|Publication number||US4888035 A|
|Application number||US 07/274,562|
|Publication date||Dec 19, 1989|
|Filing date||Nov 23, 1988|
|Priority date||Nov 24, 1987|
|Also published as||DE3739724A1, EP0317851A2, EP0317851A3, EP0317851B1|
|Publication number||07274562, 274562, US 4888035 A, US 4888035A, US-A-4888035, US4888035 A, US4888035A|
|Original Assignee||Linde Akteingesellschaft|
|Export Citation||BiBTeX, EndNote, RefMan|
|Patent Citations (5), Non-Patent Citations (2), Referenced by (27), Classifications (20), Legal Events (5)|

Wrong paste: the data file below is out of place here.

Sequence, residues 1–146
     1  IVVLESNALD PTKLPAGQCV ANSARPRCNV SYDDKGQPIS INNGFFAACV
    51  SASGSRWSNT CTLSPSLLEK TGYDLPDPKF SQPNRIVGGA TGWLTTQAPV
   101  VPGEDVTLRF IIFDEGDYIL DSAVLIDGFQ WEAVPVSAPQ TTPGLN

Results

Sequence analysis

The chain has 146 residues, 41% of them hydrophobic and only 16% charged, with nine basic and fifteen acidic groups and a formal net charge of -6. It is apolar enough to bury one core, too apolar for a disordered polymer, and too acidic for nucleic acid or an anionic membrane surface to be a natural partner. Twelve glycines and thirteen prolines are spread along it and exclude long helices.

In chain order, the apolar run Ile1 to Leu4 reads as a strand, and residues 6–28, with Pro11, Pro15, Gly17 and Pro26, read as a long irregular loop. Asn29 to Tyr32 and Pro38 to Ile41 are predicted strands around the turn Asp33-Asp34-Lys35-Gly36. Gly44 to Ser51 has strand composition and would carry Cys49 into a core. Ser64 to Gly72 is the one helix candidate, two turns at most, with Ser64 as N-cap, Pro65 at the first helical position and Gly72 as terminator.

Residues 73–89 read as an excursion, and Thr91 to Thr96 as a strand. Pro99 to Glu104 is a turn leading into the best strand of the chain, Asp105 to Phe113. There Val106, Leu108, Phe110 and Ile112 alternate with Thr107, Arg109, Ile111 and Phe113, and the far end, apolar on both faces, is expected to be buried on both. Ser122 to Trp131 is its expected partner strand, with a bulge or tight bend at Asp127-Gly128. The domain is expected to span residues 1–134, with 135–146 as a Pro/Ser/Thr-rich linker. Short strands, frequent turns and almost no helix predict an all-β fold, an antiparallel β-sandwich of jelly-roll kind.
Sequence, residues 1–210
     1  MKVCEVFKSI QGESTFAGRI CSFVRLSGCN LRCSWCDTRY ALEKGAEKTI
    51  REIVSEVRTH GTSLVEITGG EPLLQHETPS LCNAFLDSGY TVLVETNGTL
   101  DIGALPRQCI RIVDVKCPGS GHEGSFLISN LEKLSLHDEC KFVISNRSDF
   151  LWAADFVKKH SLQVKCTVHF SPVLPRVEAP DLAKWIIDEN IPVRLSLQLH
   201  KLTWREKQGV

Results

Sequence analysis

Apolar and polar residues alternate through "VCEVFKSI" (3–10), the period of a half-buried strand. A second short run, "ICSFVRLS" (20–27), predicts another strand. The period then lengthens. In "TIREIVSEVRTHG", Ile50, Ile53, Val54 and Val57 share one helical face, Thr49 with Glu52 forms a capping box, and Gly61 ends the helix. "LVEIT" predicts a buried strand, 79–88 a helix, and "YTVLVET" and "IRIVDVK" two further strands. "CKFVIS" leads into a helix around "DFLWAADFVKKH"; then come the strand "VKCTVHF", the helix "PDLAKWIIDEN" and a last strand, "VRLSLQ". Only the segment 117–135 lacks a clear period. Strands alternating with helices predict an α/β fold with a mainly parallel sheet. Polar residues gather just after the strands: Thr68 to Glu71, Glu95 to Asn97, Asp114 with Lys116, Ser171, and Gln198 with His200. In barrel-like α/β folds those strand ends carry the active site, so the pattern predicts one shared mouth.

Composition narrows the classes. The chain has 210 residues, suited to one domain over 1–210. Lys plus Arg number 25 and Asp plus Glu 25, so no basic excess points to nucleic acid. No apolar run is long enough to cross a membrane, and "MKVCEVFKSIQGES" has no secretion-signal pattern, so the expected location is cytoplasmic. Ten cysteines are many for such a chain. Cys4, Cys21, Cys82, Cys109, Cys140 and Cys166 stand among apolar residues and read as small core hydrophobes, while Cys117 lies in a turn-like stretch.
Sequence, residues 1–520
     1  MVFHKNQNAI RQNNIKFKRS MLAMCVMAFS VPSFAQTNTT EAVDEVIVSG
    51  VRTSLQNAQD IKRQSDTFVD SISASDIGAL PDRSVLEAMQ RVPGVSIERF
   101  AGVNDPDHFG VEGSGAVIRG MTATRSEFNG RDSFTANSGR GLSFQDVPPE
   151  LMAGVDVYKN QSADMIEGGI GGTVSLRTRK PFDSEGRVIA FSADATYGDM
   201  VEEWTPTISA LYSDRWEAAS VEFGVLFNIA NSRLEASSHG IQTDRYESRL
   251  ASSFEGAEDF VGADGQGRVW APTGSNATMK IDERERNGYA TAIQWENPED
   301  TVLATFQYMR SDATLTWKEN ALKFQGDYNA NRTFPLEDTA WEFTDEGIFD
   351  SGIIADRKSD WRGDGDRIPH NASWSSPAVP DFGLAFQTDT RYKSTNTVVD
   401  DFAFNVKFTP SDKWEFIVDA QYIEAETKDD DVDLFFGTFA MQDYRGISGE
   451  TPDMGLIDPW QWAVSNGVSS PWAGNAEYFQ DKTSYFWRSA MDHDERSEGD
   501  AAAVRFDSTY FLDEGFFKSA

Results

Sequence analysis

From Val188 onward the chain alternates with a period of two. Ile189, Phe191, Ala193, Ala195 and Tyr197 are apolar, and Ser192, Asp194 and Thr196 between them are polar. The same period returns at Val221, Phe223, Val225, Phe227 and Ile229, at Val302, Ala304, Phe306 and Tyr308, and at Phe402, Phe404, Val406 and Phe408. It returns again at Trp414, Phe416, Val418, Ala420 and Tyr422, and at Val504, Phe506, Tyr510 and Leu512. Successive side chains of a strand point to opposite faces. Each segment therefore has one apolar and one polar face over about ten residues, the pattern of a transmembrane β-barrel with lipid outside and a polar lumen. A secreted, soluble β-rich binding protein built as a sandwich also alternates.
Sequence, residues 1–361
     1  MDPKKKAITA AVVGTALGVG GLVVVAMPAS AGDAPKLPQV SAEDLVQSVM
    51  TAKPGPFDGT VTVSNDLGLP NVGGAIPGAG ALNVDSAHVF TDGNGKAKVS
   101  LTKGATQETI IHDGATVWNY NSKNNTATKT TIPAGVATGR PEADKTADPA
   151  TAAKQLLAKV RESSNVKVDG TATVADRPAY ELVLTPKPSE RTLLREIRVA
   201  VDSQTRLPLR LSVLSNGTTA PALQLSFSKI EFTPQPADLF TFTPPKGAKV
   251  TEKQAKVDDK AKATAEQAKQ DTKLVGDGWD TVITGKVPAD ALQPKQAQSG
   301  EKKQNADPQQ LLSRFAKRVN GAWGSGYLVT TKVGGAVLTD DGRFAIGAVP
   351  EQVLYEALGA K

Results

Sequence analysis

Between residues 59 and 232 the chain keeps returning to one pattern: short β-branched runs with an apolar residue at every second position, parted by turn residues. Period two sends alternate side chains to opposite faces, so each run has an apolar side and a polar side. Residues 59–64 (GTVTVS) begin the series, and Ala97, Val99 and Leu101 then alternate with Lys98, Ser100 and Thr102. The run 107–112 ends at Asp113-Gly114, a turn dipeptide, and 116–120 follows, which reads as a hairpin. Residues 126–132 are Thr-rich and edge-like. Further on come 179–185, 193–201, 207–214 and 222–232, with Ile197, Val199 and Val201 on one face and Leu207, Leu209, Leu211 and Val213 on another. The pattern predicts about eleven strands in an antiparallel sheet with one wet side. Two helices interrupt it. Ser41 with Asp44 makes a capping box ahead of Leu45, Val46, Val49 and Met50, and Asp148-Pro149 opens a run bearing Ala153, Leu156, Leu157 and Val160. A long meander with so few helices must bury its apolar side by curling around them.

|External Links: USPTO, USPTO Assignment, Espacenet|
The invention relates generally to a system for the separation of gaseous mixtures containing essentially hydrogen (H2), methane (CH4) and carbon monoxide (CO) especially purified CO. Such a system generally comprises a physical low-temperature scrubbing step employing liquid methane as the scrubbing agent, as well as a downstream stripping and/or expansion step to separate H2 from the loaded methane, and thereafter a regeneration step to separate the loaded methane into enriched CO and CH4 fractions.